We wonder about a legal system, for example, that kept passing Jared Remy along, despite many arrests and much violence, and never stopped him before it was too late. It seems that highly paid attorneys and a famous father kept him out of jail. An old slogan states the opposite: "Those without the capital get the punishment."

If the current system of justice discriminates against the poor, it all the more clearly discriminates on the basis of race. Although the 1976 Supreme Court decision that made capital punishment permissible again was supposed to have included safe-guards that would assure that capital punishment would not be used in a way that discriminates against minorities, the record since then indicates that the discrimination continues. About half of all the people who are murdered each year in the United States are black. Yet, since 1977 when capital punishment was reinstated in this country, the overwhelming majority of people who had been executed-- 85 percent-- had killed a white person. Only eleven percent had killed a black person. David Baidus, a University of Iowa law professor found that, although blacks account for some 60 percent of Georgia homicide victims, the killers of black victims are punished by death less than one-tenth as often as are the killers of white victims. When Peewee Gaskins was executed in North Carolina several years ago, it was the first time in nearly half a century that a white American was put to death for killing a black one.

In such a flawed system it is more than a mere theoretical possibility that innocent parties are executed. New examples are added to the public record in which innocent people are executed and, incredibly, some have been executed even after the real murderer has stepped forward to confess guilt. The Innocence Project states that 18 of the 314 people exonerated through DNA evidence since it began in 1989 served time on death row.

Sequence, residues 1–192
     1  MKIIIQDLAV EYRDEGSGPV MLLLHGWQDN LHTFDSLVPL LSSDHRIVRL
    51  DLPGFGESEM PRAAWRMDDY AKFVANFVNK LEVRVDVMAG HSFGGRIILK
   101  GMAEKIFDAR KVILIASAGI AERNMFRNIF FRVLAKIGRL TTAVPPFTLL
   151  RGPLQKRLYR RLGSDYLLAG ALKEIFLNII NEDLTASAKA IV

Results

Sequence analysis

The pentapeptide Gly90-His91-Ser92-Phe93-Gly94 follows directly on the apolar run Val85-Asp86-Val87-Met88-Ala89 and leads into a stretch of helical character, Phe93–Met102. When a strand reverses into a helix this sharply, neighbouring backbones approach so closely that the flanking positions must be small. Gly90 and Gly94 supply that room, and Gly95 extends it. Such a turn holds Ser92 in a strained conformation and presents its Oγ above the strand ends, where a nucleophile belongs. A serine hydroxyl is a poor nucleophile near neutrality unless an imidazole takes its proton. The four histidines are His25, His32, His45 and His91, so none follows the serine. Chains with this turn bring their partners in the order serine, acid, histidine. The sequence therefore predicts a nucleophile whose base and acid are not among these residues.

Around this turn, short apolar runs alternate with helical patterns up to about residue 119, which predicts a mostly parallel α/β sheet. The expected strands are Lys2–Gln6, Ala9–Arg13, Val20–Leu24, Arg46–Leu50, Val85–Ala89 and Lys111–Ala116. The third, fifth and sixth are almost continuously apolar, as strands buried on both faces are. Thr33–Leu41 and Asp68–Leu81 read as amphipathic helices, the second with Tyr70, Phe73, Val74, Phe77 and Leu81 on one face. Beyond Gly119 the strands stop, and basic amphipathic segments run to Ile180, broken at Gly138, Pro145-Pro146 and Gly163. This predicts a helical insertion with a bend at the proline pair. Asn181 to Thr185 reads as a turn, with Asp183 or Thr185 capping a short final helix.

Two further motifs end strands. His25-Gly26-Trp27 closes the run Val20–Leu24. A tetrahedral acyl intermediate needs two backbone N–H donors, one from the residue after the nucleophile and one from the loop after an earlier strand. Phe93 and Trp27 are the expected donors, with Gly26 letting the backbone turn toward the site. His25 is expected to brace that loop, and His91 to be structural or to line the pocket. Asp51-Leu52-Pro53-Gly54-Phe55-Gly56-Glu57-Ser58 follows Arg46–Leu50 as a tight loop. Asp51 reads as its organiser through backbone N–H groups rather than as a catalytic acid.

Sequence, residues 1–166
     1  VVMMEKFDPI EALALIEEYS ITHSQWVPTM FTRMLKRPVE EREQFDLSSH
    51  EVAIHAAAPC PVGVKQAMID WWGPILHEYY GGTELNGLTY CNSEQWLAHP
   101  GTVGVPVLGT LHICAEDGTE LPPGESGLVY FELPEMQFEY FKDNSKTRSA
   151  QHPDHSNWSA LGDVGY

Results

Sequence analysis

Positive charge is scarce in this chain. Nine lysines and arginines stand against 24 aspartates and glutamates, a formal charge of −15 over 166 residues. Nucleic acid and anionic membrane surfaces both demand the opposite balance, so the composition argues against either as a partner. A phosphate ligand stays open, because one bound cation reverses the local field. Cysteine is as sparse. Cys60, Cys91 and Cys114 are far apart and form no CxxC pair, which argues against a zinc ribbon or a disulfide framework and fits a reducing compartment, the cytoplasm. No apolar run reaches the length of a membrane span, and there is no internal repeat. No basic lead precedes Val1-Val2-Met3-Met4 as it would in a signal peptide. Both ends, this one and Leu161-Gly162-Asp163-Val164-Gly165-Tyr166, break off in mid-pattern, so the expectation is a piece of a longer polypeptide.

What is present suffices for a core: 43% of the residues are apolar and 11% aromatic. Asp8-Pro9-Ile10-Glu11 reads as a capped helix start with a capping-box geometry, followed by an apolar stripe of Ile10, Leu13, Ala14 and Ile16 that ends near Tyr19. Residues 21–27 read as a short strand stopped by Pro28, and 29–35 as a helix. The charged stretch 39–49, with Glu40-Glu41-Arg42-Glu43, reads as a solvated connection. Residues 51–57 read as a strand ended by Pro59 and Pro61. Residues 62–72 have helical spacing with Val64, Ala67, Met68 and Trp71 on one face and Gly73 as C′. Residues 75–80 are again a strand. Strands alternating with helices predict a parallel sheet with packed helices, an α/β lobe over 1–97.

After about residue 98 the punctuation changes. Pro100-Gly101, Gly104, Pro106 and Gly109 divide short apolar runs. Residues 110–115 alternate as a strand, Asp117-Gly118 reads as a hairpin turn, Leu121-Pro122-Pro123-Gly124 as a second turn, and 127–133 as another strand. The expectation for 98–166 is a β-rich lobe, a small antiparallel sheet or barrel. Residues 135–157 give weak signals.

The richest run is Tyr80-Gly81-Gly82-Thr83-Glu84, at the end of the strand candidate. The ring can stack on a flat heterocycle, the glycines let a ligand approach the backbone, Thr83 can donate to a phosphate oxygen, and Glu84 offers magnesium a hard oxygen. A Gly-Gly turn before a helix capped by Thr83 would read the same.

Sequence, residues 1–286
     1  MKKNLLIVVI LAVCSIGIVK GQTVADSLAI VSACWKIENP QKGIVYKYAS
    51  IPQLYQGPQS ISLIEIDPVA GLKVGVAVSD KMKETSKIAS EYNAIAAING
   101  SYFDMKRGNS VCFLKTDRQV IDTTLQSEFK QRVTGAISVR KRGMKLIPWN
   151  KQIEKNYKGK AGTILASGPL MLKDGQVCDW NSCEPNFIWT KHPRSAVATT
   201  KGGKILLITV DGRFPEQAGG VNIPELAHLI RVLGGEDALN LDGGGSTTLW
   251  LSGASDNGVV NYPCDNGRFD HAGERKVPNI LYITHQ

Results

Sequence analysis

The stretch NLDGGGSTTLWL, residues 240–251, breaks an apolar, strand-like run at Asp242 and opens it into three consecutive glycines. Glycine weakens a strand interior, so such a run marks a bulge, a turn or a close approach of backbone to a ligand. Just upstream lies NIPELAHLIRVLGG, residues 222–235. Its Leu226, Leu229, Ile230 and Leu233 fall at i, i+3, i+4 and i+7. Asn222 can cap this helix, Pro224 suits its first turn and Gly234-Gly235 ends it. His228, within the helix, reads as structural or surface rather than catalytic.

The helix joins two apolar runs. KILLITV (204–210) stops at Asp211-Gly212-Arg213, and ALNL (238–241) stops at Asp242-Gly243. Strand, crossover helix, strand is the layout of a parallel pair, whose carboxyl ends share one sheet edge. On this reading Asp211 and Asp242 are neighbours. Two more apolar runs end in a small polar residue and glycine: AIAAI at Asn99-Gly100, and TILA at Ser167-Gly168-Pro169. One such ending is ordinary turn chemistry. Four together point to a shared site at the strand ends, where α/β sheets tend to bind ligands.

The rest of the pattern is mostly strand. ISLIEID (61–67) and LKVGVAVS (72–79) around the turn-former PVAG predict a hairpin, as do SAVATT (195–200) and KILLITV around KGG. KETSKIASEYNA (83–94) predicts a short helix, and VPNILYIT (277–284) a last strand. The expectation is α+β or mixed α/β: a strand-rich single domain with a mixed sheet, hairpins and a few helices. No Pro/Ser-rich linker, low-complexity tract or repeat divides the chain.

As much as this may disturb us, it should not surprise us. It reaffirms what we should have known all along: Even a carefully crafted system of justice is imperfect because it was crafted and administered by fallible human beings. Consider Jesus in our Palm Sunday gospel. There were folks just like you and me who were convinced beyond a shadow of a doubt that Jesus was guilty and should be executed. In Palm Sunday’s past, we remember the congregation reading the part of the crowd who yell: “Crucify Him. Crucify Him!” We know that our voice is their voice. In short it is our concern for justice and the actual use of a death penalty that makes capital punishment wrong. We cannot be precise enough in our judgments when the stakes are so high as to cost a human life.

Of course, even though our judgment is imperfect, we are called upon to use that judgment every day. We cannot avoid the necessity of standing in judgment over one another. Civilization requires it. In order for civilization to survive, crimes must be identified and violators punished. That is why Moses, and then those whom Moses appointed, were given the job of being judges for the Hebrew people. But even a wise and divinely-appointed judge like Moses pronounced every judgment in great fear and trembling, recognizing that our judgments will be necessarily flawed because we measure deeds with a crude instrument.

And so, our judgments can never be absolute, but only preliminary, awaiting the absolute and perfect judgment of God. Christ the King whose return we await and whom we confess will judge the living and the dead is temporarily out of the courtroom, and we may need to put together a system of judgment and punishment in the interim to keep order, but we must never forget that we are merely stand-ins for the true judge who always keeps the prerogative of final judgment.